This update covers June, July, and August 2023. Before we dive into the updates to the California Highways site, an update on the California Highways: Route by Route podcast. Episodes are regularly posted around the middle of the month. You can keep up with the show at the podcast’s forever home at https://www.caroutebyroute.org , the show’s page on Spotify for Podcasters, or you can subscribe through your favorite podcaster or via the RSS feeds (CARxRSpotify for Podcasters) . The following episodes have been posted since the last update:

Turning to the updates to the California Highways pages: Updates were made to the following highways, based on my reading of the (virtual) papers in June, July, and August 2023 (which are posted to the roadgeeking category at the “Observations Along The Road” and to the California Highways Facebook group) as well as any backed up email changes. I also reviewed the the AAroads forum (Ꜳ). This resulted in changes on the following routes, with credit as indicated [my research(ℱ), contributions of information or leads (via direct mail or ꜲRoads) from Concrete Bob(2), Tom Fearer (Max Rockatansky)(3), Cameron Kaiser (ClassicHasClass)(4)Occidental Tourist(5)Plutonic Panda(6)Skluth(7), Chris Sampang (TheStranger)(8), Joel Windmiller(9): Route 1(ℱ), Route 4(ℱ), I-5(ℱ,9), Route 7(3),  Route 11(ℱ), Route 12(ℱ),  Route 14(ℱ,3), Route 15(ℱ,3), Route 16(9), Sign Route 18(3), Route 20(ℱ), Route 22(5), Route 25(ℱ), Route 29(ℱ), Route 37(ℱ), I-40(6), US 40(9), Route 46(ℱ), Route 47(6), Route 49(3), US 50(9), Route 56(3,5), Route 57(ℱ,3), Route 58(ℱ,7), Route 60(ℱ), Route 68(ℱ,2), Route 70(ℱ), Route 72(3),  I-80(ℱ), Route 82(ℱ), Route 84(ℱ), Route 90(ℱ), US 91(3), Route 92(ℱ), US 95(ℱ,4,3),  Route 99(ℱ), US 101(ℱ,3), Route 115(3), Route 116(ℱ), Route 120(3), Route 145(3), Route 155(ℱ), Route 156(ℱ), Route 163(ℱ), LRN 166(ℱ), LRN 173(ℱ), Route 186(3), Route 188(3), I-210(3), Route 214(3), Route 221(ℱ), LRN 230(ℱ), Route 245(ℱ,3), Route 249(3), Route 252(ℱ), Route 262(ℱ), I-380 / I-280 / Southern Crossing(8), I-405(ℱ), US 466(3), I-580(ℱ), I-605(ℱ), I-680(ℱ), I-710(ℱ,3), County Sign Route E15(3), County Sign Route J40(3), County Sign Route N3(3).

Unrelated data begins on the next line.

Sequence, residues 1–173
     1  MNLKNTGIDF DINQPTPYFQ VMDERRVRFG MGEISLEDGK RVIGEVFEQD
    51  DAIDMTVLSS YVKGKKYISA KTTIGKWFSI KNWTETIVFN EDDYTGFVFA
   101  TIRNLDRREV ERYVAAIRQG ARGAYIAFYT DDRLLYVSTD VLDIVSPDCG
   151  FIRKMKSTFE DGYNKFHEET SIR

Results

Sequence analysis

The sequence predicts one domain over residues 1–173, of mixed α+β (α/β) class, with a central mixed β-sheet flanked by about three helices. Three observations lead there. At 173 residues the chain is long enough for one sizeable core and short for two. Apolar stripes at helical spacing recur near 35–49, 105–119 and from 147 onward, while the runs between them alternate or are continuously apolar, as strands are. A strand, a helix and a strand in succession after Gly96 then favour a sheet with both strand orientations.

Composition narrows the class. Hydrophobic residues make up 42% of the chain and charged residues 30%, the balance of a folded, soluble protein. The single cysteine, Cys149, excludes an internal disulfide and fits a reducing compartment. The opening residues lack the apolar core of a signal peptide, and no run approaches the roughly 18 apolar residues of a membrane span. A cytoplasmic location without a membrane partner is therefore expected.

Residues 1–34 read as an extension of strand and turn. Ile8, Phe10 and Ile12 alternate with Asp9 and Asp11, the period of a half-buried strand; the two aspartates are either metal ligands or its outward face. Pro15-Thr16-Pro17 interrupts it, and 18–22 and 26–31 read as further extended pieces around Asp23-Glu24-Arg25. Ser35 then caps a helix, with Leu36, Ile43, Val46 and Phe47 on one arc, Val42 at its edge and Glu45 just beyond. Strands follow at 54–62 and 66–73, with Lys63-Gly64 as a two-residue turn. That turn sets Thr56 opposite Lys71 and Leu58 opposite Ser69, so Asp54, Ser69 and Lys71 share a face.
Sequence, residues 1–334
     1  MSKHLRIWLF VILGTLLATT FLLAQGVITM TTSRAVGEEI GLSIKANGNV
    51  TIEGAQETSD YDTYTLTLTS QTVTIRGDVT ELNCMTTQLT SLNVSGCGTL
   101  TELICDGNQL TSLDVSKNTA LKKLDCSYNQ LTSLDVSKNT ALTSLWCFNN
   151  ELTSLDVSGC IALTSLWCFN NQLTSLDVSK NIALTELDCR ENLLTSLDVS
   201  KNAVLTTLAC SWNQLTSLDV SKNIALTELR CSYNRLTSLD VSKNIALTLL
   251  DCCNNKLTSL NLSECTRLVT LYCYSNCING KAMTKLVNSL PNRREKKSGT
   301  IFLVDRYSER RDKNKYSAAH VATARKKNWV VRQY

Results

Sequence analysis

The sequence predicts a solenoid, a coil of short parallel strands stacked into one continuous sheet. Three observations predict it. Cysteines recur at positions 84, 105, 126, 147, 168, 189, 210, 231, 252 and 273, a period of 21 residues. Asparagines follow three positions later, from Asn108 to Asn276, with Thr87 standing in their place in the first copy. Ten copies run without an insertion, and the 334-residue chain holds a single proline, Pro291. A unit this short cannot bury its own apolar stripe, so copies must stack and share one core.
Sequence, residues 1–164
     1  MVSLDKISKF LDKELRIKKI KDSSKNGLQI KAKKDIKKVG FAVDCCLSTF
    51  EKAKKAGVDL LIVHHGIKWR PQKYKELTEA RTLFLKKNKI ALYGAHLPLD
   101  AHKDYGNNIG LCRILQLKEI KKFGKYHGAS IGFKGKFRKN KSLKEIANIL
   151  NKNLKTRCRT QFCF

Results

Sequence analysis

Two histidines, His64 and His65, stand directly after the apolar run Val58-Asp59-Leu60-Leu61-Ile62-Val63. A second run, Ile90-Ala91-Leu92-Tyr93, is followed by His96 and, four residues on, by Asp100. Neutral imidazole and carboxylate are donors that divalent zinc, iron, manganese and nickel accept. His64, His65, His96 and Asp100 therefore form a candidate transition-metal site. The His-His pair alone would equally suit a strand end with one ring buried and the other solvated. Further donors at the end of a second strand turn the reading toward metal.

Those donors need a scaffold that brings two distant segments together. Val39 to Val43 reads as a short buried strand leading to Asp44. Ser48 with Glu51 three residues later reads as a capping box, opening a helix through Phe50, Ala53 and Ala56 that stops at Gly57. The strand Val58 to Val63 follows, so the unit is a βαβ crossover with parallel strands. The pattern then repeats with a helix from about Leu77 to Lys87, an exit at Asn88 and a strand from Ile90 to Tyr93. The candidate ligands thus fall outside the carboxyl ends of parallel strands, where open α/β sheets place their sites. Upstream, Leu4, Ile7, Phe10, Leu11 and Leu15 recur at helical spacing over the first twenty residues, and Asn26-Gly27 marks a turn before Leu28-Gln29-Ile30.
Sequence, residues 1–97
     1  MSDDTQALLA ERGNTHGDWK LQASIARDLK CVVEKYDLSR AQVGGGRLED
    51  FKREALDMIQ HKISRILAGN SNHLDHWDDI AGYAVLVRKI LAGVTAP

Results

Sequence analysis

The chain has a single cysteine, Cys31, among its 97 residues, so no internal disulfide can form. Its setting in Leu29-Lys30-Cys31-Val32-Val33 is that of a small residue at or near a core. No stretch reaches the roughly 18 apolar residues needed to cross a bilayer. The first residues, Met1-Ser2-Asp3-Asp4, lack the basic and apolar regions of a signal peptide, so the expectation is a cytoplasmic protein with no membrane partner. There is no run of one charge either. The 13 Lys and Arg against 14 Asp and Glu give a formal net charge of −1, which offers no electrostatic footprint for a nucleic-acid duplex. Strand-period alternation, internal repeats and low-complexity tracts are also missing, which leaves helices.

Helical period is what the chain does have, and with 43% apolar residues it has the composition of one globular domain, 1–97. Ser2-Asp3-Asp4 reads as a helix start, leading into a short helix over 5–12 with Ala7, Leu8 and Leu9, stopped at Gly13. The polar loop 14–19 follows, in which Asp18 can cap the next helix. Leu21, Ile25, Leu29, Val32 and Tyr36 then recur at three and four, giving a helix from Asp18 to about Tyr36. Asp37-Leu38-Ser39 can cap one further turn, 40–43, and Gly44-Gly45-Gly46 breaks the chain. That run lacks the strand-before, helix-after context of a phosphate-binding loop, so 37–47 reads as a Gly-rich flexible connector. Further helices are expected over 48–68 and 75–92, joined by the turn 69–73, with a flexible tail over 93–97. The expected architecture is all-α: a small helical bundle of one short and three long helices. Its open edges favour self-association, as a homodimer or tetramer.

(Source: private email through 9/10/2023, Highway headline posts through the August Headline post, AARoads through 9/10/2023)

Added a new link to the list of state highway websites, as AARoads has added a page for Alaska. As a reminder, if you have a highway page for a state, and its not on the list of regional highways, please let me know.

Added a reference to the Gribblenation Blog on the 1959 Era White shields to the California Numbering page.

Reviewed the Pending Legislation page, based on the California Legislature site, for bills through 2023-09-10. As usual, I recommend to every Californian that they visit the legislative website regularly and see what their legis-critters are doing. As many people are unfamiliar with how the legislature operates (and why there are so many “non-substantive changes” and “gut and amend” bills), I’ve added the legislative calendar to the end of the Pending Legislation page. Noted the passage (or veto) of the following bills and resolutions:

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🛣 Headlines About California Highways – August 2023

Two-thirds of the year is now past. This has been an … interesting August. We’ve had intense heat, and surprisingly, a tropical storm that has inundated our low-lying deserts and flooded roads. In the northern part of the state, we’ve had some intense brush fires. The impact of these should be showing up in future emergency road repair requests. Hopefully, everyone has been safe through all of this.

Work is continuing on the highway pages. I’ve gone through the June and July headlines; after this post is up, I’ll do the August headlines. I’ve also started working through the June and August CTC minutes. Also still to go is the review of the actions of the legislature, and the review of the posts since the last update on AARoads. Hopefully, I’ll have something to post by mid-September. I’m also working on writing the first few episodes of the next season of the podcast, so we can start recording them.

Roadtrips in July include a trip up and back to Davis, and a trip out to Las Vegas and back. Don’t care about the gambling. However, if you want to know some great restaurants in the area (off-strip), just ask.

Well, enough chit-chat. Here are the headlines that I found about California’s highways for August: